The Decadence of Capital
Much of what we have come to hear spoken of in the twentieth century as decadent has come from those calling themselves Marxists. For decades it was routine to hear the Soviet or Chinese leadership pontificating about the decadence of the West. They use(d) the word in a definitely moralistic sense, usually to condemn popular music from jazz onward or to attack the most blatant contradictions of modern capitalism, those attributes left over from its prespectacular stage, such as the grossness, ostentatious display and consumption of the idle rich contrasted with poverty in the ghettos of the metropolis and starvation in the Third World. This brand of condemnation coming from Marxist-Leninists recalled, in however degraded a fashion, the Jacobin Republic of Virtue, and boasted that red bureaucrats were somehow morally superior to the non-Stalinist bureaucrats of the West (a lie even on that level). The moralism of Leninist bureaucrats is a class ideology, and as such it is an inheritance of Judeo-Christian (or in the case of the Chinese, Confucian) moralism and bourgeois positivism.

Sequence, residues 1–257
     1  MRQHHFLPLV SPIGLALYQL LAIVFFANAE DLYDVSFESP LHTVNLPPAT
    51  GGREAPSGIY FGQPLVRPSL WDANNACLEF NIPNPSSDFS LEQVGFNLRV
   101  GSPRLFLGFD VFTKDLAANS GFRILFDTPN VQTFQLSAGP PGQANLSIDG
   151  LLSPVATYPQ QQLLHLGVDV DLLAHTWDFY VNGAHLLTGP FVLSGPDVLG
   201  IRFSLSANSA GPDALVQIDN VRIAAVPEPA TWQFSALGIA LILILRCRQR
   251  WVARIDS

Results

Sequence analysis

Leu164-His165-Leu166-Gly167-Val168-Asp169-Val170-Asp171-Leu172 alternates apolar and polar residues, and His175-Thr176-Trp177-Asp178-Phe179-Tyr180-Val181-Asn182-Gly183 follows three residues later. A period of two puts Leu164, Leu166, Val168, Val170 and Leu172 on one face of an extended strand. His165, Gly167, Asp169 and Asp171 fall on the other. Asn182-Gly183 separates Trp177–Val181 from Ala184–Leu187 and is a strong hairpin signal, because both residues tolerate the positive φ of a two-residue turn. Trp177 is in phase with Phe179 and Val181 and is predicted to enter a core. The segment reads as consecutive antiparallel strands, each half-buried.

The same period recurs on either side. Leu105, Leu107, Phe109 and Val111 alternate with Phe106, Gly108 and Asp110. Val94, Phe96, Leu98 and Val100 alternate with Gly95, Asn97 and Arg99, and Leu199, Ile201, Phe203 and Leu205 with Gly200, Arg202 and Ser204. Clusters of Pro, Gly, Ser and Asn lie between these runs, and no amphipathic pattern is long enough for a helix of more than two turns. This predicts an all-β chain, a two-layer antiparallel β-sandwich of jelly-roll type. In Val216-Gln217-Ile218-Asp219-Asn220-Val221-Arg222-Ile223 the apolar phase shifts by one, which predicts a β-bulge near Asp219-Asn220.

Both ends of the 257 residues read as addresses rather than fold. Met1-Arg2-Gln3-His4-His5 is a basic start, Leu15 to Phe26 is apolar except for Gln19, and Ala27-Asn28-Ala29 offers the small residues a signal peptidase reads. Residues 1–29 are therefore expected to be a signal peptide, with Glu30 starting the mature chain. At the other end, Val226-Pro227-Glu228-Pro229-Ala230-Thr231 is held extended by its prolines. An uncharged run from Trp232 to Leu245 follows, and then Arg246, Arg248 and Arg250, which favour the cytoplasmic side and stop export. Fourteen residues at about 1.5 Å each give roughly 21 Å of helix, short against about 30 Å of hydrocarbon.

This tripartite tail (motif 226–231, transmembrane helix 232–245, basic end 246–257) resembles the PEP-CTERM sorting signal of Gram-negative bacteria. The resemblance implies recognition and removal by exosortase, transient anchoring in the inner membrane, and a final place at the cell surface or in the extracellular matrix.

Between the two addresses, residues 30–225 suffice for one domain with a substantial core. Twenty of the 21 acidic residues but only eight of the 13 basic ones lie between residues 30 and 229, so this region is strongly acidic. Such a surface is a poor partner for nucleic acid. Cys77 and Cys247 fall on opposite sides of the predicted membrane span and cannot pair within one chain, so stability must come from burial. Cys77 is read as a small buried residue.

But, some will protest, this is not real Marxism at all, it is vulgarized, perverted, recuperated. They have a point; in some ways Leninism, Trotskyism, Stalinism, etc. are departures from the original communist project. Very well then, let us cast aside the "false" Marxism and consider Marxism at its best, in its Western variants. These currents would include (besides the work of Marx and Engels themselves) a tradition coming out of the ultraleft of German and Dutch Social Democracy (Rosa Luxemburg, the council communists), Italian communism (Bordiga), and in more recent times, the Situationist International and its imitators. Of these currents, only that represented by Luxemburg promoted the theory of the decadence of capitalism. Her views were paralleled to some extent by Lenin during the early period of Bolshevism. These two leading theoreticians of the left of international Social Democracy in the early twentieth century saw capitalism as a historically decadent mode of production. Marx himself had been for the most part an amoralist and had never spoken explicitly of "decadence," although he had hinted that capitalism had a potential to destroy humanity. The theory of capitalist decadence, building on Marx's study of the economic crises of capital as "fetters on the development of the forces of production," was tied to theories of imperialism as the "highest and final" stage of capitalism, completing the global expansion of the system, liquidating precapitalist economies, and saturating the markets, leading to intensifying competition and war between the great powers.